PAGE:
- Dare to Lead by Brene Brown
Brené Brown has taught us what it means to dare greatly, rise strong, and brave the wilderness. Now, based on new research conducted with leaders, change makers, and culture shifters, she’s showing us how to put those ideas into practice so we can step up and lead.
Sanja: If you haven’t read, listened, or watched Brene Brown yet, you should. She offers an incredible range of insights into vulnerability and courage in life and work. Hint: they are not opposites.
2. Powered by Storytelling by Murray Nossel
What’s your story? It’s a question that human beings have been asking each other since we first gathered around a campfire. Millennia later, this human need for storytelling hasn’t changed. We communicate most effectively through our personal stories—and our professional success depends on it.
Sanja: Not surprisingly an engaging book on the Narrative method and how we can all learn to tell a compelling story. Everyone has a story to tell. Everyone. In philanthropy stories are what prompts us to action.
3. Tools of Conviviality by Ivan Ilich
A work of seminal importance, this book presents Ivan Illich’s deep analysis of the industrial mode of production which characterises our contemporary world.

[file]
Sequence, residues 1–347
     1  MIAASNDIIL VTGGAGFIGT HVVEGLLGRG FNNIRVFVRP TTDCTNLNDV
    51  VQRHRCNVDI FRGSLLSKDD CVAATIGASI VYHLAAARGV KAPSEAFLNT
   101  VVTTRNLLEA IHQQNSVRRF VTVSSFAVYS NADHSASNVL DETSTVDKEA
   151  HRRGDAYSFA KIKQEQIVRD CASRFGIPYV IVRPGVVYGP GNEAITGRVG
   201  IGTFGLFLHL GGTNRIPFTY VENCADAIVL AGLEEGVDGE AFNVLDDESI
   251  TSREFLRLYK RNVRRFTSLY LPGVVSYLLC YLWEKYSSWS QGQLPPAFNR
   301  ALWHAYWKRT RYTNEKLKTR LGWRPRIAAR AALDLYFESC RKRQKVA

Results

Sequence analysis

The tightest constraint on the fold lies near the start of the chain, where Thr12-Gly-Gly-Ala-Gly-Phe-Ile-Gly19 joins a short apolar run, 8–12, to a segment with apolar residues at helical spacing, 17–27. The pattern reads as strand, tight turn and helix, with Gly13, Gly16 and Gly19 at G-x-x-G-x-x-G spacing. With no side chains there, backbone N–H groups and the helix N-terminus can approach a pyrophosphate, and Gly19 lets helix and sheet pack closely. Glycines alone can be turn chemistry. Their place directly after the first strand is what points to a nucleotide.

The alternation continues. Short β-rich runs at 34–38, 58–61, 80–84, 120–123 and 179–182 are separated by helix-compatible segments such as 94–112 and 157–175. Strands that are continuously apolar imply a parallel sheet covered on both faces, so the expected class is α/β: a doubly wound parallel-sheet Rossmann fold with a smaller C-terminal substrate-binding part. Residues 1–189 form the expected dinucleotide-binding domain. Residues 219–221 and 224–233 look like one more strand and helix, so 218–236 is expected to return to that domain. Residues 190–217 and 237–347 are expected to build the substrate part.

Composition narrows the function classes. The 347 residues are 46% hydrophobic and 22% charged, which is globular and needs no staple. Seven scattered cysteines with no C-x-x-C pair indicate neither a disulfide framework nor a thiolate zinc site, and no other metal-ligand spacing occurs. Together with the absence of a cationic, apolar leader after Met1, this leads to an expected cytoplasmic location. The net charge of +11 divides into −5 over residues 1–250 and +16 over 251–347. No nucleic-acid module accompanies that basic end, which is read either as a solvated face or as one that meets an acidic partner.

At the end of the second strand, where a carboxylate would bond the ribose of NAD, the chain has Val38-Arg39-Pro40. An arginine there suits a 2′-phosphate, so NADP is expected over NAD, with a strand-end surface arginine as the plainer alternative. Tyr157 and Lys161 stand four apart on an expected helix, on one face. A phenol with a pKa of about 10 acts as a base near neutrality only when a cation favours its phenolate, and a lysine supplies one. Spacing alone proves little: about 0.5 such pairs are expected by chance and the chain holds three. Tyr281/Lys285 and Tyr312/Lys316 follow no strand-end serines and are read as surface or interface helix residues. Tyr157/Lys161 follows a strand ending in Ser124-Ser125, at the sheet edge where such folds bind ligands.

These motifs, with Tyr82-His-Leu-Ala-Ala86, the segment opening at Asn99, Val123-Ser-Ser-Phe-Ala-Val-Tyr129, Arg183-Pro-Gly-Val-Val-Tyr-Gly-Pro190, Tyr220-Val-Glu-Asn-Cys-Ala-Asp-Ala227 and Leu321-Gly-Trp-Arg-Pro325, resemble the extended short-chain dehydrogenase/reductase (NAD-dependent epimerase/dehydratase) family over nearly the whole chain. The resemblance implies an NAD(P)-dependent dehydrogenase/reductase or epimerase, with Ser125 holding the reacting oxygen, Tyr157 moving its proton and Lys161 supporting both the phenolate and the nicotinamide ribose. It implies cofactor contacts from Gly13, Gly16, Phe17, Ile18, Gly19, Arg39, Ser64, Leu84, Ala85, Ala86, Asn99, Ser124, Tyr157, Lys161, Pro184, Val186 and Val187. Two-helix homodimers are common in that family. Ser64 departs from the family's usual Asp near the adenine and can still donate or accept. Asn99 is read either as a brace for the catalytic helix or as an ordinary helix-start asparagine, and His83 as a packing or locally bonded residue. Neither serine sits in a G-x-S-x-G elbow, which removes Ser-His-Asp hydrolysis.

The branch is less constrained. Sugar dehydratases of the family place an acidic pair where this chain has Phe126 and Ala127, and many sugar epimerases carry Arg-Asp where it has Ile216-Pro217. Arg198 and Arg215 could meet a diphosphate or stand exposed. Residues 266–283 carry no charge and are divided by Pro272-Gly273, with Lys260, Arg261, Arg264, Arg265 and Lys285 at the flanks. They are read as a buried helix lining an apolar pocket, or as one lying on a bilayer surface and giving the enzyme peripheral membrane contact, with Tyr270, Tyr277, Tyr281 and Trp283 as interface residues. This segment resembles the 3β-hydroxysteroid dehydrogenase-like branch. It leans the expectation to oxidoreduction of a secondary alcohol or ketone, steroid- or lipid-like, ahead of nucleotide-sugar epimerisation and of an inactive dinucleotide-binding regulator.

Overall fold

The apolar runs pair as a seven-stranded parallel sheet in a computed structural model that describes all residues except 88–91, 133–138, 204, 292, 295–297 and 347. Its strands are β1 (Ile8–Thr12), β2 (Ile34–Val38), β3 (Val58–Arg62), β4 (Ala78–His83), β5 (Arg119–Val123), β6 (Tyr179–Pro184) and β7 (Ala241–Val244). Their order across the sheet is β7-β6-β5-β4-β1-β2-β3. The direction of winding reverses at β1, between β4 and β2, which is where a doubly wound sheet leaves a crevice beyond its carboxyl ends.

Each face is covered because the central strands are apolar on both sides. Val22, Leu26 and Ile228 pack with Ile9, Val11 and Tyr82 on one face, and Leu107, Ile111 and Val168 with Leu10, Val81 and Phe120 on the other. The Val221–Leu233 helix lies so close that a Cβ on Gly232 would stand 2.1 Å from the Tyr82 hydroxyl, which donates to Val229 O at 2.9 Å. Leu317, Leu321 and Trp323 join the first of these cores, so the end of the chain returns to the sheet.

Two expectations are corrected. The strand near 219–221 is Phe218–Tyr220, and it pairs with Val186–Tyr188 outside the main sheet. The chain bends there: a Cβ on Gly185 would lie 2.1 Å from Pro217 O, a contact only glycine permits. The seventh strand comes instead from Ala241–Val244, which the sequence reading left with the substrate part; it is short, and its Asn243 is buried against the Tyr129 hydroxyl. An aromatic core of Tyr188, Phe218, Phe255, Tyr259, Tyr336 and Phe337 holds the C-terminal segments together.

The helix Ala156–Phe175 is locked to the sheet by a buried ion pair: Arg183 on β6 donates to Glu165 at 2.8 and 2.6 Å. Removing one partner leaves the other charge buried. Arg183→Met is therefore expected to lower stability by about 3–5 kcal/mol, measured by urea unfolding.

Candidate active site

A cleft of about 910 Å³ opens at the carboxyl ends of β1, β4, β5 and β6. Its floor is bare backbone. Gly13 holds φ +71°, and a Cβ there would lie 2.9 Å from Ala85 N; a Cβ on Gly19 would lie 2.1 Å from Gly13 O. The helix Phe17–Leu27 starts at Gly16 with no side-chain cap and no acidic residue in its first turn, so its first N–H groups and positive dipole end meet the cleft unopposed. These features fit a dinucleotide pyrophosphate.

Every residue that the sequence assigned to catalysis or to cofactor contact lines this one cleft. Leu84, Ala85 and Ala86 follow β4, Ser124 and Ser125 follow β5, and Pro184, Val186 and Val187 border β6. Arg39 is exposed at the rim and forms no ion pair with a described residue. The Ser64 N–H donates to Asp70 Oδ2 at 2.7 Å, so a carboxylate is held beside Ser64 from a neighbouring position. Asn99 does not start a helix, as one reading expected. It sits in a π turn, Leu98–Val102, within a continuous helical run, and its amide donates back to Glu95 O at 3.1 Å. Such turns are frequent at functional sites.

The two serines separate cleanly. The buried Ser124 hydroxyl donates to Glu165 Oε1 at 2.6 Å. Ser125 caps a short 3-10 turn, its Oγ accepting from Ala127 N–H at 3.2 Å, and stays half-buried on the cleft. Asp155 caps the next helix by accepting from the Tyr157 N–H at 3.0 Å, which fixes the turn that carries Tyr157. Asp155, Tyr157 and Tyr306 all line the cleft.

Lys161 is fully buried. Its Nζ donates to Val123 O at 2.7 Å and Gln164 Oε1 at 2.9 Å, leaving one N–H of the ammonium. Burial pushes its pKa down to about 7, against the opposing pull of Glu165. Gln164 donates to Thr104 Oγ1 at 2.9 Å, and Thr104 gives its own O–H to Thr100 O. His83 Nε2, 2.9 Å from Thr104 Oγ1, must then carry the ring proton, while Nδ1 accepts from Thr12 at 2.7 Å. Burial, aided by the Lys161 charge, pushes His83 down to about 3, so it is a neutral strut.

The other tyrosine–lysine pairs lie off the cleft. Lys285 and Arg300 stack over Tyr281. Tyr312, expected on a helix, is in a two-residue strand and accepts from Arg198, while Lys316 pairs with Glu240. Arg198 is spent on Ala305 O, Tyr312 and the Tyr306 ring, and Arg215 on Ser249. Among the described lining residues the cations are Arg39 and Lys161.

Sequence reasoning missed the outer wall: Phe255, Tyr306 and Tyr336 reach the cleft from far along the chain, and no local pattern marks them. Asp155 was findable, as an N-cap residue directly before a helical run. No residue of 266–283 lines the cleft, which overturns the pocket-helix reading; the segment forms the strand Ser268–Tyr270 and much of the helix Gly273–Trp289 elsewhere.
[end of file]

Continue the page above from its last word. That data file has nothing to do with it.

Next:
Sanja: Originally written in 1973, this book has possibly gained even more in relevance today 46 later. It’s not an easy read by any means, but it is rich in insights.
4. Energy and Civilization: A History by Vaclav Smil
A comprehensive account of how energy has shaped society throughout history, from pre-agricultural foraging societies through today’s fossil fuel–driven civilization.
Sanja: This is a fascinating, detailed and mathematical review of the history of energy and civilization by a brilliant Canadian scholar. In today’s age divided between old and new energies, divestment from oil, clean tech funds and the rest, this book offers a valuable perspective.
5. Deep Medicine: How AI Can Make Healthcare Human Again by Eric Topol
Medicine has become inhuman, to disastrous effect. The doctor-patient relationship–the heart of medicine–is broken: doctors are too distracted and overwhelmed to truly connect with their patients, and medical errors and misdiagnoses abound.
Sanja: An exciting new book by Dr. Eric Topol, on just how AI can help improve patient experience. Also, if you haven’t read his previous books we suggest you take a peak, that is if you are a health + tech aficionado like us.
6. Give People Money: by Annie Lowrey
A brilliantly reported, global look at universal basic income—a stipend given to every citizen—and why it might be necessary in an age of rising inequality, persistent poverty, and dazzling technology.
Sanja: This book offers an interesting inquiry into people, psychology and systems. We are in the business of giving money so we take notice.